Friday, November 7, 2008
Biometric Jewelry Continued...
The circuit board has been routed using a CNC machine to create the intricate details, twists and turns that make this piece unique. In case you're not familiar with how circuit boards are made, here it is. A very strict and detailed process was followed to create the project. First, a design was created using an image of a celtic triangle. This was then mapped into a vector art program, and traced over. The circuit diagram was laid overtop, and all cut lines, drill points and cut outs were defined. To create the circuit board, first transparencies were printed, matched, and is contact copied in a UV light box which transfers the image from the transparency to the circuit board. The circuit board, which is covered by photo resistive material is then covered with a chemical, which removes all the photo resistive material except that which has the pattern from the transparencies imprinted on it. The circuit board is then put in an etching machine, removing all the copper not covered by the photo resistive material. This reveals the copper tracks.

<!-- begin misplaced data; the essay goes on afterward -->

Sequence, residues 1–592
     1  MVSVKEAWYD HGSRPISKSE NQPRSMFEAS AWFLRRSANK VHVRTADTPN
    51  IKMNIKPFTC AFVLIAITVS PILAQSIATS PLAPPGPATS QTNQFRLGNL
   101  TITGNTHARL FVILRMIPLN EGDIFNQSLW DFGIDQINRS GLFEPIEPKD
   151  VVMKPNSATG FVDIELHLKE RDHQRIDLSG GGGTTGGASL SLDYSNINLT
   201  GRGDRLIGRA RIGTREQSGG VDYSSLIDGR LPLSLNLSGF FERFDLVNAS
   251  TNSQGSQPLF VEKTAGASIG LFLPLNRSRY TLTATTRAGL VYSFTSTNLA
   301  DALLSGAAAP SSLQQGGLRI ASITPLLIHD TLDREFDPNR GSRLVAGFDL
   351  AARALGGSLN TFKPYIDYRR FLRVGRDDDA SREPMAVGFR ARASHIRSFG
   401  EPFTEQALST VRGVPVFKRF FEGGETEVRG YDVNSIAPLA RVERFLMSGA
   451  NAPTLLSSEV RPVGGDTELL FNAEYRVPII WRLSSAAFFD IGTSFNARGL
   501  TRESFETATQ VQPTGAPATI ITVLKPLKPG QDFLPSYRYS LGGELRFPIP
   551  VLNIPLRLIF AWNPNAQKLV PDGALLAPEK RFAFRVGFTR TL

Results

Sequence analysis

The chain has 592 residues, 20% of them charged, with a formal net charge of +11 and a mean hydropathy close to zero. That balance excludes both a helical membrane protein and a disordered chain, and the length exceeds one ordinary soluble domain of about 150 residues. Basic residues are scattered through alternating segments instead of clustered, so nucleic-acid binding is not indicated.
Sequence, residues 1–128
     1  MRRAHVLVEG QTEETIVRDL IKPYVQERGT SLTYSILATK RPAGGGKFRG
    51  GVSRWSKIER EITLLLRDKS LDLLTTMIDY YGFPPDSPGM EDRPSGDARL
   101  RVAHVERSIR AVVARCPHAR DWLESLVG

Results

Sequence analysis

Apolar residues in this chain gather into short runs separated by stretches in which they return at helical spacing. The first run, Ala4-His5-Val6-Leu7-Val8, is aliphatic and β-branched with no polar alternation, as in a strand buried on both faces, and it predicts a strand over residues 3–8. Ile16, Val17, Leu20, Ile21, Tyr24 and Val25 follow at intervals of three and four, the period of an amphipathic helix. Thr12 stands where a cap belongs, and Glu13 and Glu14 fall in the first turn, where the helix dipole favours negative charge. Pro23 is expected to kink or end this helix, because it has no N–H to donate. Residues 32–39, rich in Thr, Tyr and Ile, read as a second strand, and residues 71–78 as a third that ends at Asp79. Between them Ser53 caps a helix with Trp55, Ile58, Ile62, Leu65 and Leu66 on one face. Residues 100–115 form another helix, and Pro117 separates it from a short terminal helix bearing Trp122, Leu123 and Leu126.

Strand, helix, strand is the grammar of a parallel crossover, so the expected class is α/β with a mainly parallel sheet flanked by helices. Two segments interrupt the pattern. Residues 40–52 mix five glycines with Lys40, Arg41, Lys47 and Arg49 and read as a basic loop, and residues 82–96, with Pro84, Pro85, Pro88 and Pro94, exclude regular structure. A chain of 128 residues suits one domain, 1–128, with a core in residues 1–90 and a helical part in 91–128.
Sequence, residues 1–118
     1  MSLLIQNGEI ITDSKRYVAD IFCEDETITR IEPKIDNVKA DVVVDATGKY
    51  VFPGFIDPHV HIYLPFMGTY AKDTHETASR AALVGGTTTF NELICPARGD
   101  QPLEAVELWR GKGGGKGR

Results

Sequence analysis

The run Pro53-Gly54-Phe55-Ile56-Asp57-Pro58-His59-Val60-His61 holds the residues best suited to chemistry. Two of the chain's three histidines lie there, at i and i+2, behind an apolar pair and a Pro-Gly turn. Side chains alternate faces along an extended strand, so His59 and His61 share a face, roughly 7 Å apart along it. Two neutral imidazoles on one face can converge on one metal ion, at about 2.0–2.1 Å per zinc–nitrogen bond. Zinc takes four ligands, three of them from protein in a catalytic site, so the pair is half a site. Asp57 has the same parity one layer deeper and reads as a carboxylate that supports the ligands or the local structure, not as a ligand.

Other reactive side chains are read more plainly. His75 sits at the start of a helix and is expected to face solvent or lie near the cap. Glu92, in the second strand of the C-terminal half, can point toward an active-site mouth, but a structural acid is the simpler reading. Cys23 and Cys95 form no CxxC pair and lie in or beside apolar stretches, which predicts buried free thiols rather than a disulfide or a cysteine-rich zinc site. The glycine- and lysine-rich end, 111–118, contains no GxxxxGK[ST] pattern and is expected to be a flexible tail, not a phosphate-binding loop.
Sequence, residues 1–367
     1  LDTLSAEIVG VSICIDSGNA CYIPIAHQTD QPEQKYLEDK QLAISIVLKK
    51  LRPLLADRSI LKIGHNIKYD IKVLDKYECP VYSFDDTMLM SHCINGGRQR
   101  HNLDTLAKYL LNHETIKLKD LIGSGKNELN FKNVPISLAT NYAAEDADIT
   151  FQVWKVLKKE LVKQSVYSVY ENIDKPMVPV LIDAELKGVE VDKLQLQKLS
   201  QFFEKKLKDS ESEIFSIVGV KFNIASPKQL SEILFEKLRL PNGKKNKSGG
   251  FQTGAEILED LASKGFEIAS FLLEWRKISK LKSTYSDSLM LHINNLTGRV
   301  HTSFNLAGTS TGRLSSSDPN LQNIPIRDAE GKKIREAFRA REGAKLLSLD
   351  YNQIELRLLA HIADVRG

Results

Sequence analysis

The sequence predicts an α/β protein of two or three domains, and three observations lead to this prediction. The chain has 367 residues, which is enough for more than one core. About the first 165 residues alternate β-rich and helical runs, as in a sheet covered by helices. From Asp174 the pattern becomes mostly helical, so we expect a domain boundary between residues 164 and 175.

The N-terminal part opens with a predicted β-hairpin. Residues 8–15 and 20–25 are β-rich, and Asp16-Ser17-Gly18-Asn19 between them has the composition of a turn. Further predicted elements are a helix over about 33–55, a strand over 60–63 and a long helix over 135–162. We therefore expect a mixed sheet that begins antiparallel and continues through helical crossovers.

The CNC machine is used to drill holes where they are needed (for components, etc). The outlines of the pattern are then routed into the circuit board and the outline of the shape is established. The CNC machine then details the shape, drilling and etching to reveal the final celtic knot triangle.
Once out of the CNC the components were soldered on to it and all copper traces are covered with solder. Components that should not be painted, such as the LEDs, are masked off with masking tape and then is sprayed with paint and put in an oven to cure. The tape is removed, and a glowing heart rate monitor is revealed.
The LEDs are programmed in a special way since the micro controller (AVR Tiny45) is so small, with few pins, all the LEDs are connected in such a way that only a single one can be lit at a time. In order to give the impression of each LED having individual brightness to create the waving motion, very fast multiplexing was implemented. (i.e. switching between LEDs very rapidly, varying the time each LED is turned on).
The necklace itself has a heart rate receiver, receiving pulses from the heart rate monitor.
The heart rate portion is borrowed from a previous project, so every time a heart beat occurs, the LEDs light up in a pattern wherein each LED receives an individual brightness to simulate ambers glowing in synch with the heart rate, and fading out over time.
The processor, five LEDs and a capacitor were all that were used on the necklace. In a moment of minty inspiration, we used a Listerine breath strips container to house a lithium polymer battery, however we are contemplating using lithium coin cells instead for easier replacement rather than charging.